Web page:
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Serbian Nationalist Leader Goes on Trial in Hague
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Serbian nationalist leader Vojislav Seselj went on trial on Monday at the United Nations war crimes tribunal in The Hague on charges of war crimes and crimes against humanity.

Leader of Serbia's largest party, the Serbian Radical Party, Seselj is facing eight counts of crimes against humanity and six counts of war crimes relating to the murder, torture, persecution and deportation of Croats, Muslims and other non-Serbs during the Balkan wars in the 1990s.

Seselj, 52, has pleaded innocent to all the charges. He faces a maximum sentence of life imprisonment if convicted.

Seselj was indicted by the International Criminal Tribunal for the Former Yugoslavia (ICTY) in January 2003. In late February that year he surrendered to the ICTY in The Hague.

According to the indictment, Seselj allegedly participated in "a joint criminal enterprise" between 1991 and 1995, which was aimed at permanently removing a majority of the Croat, Muslim and other non-Serb populations from large areas of Croatia, Bosnia and Herzegovina and Vojvodina, Serbia, in order to make these areas part of a new Serb-dominated state.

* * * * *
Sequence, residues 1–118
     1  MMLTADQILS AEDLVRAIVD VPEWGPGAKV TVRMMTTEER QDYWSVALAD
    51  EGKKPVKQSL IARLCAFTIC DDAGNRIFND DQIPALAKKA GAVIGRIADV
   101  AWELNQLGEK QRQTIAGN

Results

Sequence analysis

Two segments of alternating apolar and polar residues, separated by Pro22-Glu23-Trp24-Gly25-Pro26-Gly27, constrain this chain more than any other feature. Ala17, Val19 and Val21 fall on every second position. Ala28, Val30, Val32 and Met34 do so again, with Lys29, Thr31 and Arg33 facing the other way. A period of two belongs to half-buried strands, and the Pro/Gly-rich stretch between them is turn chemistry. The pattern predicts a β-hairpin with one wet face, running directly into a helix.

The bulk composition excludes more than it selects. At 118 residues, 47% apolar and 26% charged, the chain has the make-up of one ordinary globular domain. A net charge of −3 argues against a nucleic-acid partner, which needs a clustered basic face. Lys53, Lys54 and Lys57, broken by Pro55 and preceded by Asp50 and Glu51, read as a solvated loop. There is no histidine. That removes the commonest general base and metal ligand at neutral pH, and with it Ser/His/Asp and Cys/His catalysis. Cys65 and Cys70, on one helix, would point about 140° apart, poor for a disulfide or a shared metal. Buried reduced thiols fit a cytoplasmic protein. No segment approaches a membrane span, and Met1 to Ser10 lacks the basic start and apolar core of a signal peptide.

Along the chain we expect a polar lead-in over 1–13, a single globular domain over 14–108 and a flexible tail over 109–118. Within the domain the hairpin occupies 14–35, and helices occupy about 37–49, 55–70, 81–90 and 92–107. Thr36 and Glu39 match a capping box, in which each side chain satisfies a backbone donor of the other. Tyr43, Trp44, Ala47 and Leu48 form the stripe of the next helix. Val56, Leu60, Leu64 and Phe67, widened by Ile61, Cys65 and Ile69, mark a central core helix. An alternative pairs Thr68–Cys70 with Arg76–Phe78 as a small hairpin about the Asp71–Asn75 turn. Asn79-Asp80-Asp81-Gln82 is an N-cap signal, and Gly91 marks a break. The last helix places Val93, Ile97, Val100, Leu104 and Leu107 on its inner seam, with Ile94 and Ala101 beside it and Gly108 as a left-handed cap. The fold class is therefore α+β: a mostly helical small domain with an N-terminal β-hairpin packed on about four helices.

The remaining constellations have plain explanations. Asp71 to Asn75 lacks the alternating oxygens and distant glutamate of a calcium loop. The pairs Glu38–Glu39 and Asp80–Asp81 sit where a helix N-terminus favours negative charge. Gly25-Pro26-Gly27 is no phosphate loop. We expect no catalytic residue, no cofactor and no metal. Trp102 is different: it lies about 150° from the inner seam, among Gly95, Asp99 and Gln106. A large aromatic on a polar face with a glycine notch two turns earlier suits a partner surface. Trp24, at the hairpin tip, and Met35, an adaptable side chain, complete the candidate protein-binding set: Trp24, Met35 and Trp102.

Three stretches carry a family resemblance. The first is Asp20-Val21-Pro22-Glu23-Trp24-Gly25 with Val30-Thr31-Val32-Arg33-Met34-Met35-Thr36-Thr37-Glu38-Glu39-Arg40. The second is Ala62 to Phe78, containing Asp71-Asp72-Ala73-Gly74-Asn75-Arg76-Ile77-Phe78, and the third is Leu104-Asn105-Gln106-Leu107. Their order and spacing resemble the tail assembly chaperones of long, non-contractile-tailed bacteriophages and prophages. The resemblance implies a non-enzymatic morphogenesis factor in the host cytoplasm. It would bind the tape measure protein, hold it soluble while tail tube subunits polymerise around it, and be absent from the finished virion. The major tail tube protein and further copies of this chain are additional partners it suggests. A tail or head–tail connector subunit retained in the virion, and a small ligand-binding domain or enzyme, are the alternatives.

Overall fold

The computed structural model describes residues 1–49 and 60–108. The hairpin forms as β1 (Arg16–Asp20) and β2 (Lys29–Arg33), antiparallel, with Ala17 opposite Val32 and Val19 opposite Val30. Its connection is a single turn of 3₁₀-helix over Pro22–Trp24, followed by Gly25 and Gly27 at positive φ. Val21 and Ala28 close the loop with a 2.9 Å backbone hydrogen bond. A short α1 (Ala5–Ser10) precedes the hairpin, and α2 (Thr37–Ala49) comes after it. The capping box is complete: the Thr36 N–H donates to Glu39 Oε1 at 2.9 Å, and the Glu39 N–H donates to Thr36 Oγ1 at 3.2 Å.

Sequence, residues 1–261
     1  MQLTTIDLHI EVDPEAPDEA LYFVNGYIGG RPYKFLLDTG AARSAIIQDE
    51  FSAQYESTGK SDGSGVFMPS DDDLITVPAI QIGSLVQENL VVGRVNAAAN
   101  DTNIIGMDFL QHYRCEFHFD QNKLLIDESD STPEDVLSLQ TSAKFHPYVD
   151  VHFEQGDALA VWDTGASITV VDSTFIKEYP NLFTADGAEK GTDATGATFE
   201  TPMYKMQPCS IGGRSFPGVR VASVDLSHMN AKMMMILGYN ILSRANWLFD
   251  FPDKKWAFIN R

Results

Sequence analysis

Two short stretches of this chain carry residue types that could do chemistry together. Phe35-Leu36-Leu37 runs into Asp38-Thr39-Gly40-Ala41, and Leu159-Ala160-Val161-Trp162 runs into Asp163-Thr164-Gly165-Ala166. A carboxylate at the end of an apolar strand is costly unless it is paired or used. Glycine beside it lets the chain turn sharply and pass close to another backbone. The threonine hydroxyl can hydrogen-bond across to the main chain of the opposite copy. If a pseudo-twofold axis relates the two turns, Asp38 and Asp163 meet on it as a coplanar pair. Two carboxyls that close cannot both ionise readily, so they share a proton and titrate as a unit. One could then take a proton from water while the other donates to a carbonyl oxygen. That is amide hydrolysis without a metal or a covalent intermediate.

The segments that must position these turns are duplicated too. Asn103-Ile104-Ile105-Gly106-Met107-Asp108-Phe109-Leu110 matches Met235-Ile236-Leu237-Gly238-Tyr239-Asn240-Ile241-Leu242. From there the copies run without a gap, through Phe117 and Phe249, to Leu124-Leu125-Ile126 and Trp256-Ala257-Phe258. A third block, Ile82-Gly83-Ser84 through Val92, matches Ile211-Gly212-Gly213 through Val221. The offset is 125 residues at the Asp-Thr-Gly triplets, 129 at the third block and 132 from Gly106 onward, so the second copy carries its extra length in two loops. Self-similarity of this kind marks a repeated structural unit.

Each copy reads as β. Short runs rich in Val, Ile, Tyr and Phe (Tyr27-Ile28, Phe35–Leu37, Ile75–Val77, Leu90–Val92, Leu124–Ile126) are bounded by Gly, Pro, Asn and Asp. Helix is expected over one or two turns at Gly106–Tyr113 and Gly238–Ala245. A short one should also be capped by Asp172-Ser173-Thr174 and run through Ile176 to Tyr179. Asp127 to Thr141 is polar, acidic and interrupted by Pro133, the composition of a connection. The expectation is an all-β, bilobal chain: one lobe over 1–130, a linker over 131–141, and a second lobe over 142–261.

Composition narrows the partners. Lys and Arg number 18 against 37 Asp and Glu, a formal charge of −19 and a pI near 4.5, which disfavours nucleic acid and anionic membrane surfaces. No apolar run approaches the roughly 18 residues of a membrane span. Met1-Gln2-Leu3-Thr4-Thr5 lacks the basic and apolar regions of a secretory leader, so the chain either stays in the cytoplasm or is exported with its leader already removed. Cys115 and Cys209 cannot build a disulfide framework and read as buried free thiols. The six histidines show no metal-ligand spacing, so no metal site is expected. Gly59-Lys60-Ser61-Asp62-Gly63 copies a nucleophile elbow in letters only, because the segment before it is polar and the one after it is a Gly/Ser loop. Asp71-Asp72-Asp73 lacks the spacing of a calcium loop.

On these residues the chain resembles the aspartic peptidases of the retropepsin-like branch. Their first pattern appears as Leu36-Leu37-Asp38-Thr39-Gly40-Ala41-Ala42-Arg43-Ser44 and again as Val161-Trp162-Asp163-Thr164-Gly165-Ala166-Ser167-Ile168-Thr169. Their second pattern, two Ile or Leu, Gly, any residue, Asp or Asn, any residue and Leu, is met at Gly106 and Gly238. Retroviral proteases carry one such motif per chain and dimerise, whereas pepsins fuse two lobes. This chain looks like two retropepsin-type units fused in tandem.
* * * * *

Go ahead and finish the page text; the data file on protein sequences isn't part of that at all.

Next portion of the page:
As a prominent political figure at the time, he is alleged to have played a key role by giving many inflammatory speeches propagating a policy of uniting "all Serbian lands" in a homogeneous Serbian state.

Like his former ally and late Yugoslavian President Slobodan Milosevic, Seselj does not recognize the legitimacy of The Hague tribunal and insists on conducting his own defense procedure.

He has been removed from the court during pre-trial hearings because of his disruptive behavior and insults to the judges.

Seselj went on hunger strike two weeks ago demanding that the tribunal grant him a free choice for legal advisers, unrestricted spousal visits and an unconditional right to conduct his own defense.

Last Wednesday, he refused to appear at a final preliminary hearing saying his voice was too weak for him to attend the hearing.

The Serbian Radical Party is currently the largest party in the Serbian parliament. Last week Seselj said he will top his party's list of contenders for the January 2007 general elections.

(Xinhua News Agency November 28, 2006)

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